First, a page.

IBS-STL releases tool for urban teen outreach in North America

By February 1, 2008

USA (MNN) – The statistics for the challenges facing urban youth are grim. 

Consider these:

–Nearly 43 percent of urban teens drop out of high school.

–Three in 10 teen girls become pregnant by age 20. Teen moms are much more likely to drop out of high school and raise their children in poverty. Their children are two times more likely to be abused. their sons more likely to end up incarcerated, and their daughters more likely to become teen mothers themselves.

–Homicide and suicide are the second and third leading causes of death for teens ages 15 to 19. Nearly three-fourths of teen homicides stem from gang violence.

Can the Gospel change these numbers? Yes, but there are substantial obstacles to overcome in getting it into the hands and hearts of the targeted youth. YouthPartnersNet President Dean Cowles says the small-print, black-and-white pocket versions given out at street fairs and homeless meals don't get much attention from youth who either can't read, won't, or just don't.

That's why International Bible Society-Send The Light is launching the second edition of their urban youth-targeted New Testament called My City, My God on Feb. 2. Nearly 476,000 copies of the original My City, My God New Testament, including English and Spanish versions, have been distributed since its 1998 release.

Aside from the cosmetic updates on the cover, the youth-themed edition includes testimonies from teens about how Christ has impacted their lives. IBS-STL's Rich Blanco explains why they got involved. "We look at our role as a toolmaker. We have confidence that the Word of God has something to say to speak into every life situation. We just pray for the Lord to use it in many different situations."

IBS-STL collaborated with YouthPartnersNet and other ministries targeting urban youth. It's being released at the Reload Urban Youth Conference in Denver, Colorado to 300 youth ministry participants. Blaco says, "As we look at this Scripture piece, we look at it as a tool. We hope that it's going to have impact in all three of those areas, hopefully ministering to the kids before they make some life-changing decisions, or while they're in those difficult situations, or after."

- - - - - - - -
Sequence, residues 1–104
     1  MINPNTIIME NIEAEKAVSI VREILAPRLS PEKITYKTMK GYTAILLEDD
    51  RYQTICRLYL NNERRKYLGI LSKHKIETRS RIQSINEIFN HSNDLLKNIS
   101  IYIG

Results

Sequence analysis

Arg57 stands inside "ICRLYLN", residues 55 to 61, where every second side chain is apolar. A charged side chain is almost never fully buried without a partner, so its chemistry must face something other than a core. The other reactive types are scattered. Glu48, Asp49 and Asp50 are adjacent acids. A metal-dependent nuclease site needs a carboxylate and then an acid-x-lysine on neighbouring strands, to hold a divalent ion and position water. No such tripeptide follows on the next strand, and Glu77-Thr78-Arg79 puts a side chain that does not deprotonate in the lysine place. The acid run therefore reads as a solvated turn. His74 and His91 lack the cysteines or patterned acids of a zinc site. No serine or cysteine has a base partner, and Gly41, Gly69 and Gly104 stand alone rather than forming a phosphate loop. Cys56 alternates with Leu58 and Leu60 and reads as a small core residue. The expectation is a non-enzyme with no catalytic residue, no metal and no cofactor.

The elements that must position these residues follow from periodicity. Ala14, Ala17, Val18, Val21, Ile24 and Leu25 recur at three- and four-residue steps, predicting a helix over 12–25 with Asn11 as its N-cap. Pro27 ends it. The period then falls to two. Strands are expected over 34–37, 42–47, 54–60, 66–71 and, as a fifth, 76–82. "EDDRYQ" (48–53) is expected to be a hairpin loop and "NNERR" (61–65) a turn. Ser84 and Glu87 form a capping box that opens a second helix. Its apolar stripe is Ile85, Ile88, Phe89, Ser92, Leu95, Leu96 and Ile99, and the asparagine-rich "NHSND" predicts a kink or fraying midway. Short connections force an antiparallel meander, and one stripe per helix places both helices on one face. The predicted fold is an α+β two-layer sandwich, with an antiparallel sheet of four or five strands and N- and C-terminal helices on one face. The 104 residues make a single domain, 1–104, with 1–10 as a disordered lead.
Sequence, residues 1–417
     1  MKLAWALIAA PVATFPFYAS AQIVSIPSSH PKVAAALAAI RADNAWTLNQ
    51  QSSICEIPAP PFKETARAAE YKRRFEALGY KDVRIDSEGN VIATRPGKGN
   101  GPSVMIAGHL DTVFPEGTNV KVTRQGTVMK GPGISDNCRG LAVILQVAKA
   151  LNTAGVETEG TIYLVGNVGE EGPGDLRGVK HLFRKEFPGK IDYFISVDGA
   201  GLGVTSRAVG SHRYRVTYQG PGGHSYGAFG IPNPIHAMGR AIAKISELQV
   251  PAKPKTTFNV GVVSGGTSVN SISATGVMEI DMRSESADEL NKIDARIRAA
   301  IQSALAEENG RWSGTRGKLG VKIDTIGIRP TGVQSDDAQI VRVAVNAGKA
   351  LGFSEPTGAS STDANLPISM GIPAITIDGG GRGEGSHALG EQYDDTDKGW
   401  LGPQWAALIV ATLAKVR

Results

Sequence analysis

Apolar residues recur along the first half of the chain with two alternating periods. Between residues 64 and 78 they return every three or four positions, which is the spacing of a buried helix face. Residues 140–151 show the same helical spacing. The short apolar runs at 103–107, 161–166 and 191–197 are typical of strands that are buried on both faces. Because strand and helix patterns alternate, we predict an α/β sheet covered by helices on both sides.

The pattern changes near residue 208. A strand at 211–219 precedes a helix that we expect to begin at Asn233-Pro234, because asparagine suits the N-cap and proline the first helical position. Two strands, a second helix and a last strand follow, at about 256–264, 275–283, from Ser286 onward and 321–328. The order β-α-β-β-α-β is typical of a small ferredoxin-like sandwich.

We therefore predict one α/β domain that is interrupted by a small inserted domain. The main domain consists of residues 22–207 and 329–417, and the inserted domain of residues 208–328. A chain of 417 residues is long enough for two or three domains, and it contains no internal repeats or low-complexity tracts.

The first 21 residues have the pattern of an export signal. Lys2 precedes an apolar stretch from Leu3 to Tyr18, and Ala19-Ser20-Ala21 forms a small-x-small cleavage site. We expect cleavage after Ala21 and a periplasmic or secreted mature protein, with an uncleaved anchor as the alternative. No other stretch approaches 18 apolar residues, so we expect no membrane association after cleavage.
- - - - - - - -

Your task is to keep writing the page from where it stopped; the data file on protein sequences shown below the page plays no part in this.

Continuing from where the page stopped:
Click here for details.

 

[1]<!–[endif]–> Orfeld, G., Losen, D., Wald, J., & Swanson, C., 2004. Losing Our Future: How Minority Youth Are Being Left Behind by the Graduation Rate Crisis. Cambridge, MA: The Civil Rights Project at Harvard University. Contributors: Advocates for Children of New York, The Civil Society Institute. 

<!–[if !supportFootnotes]–>[1]<!–[endif]–> National Campaign to Prevent Teen Pregnancy analysis of Guttmacher Institute, U.S. Teenage Pregnancy Statistics National and State Trends and Trends by Race and Ethnicity. New York: Guttmacher Institute, September, 2006.

<!–[if !supportFootnotes]–>[1]<!–[endif]–> National Center for Health Statistics, Office of Statistics and Programming, National Center for Injury Prevention and Control, Centers for Disease Control and Prevention.

 

 

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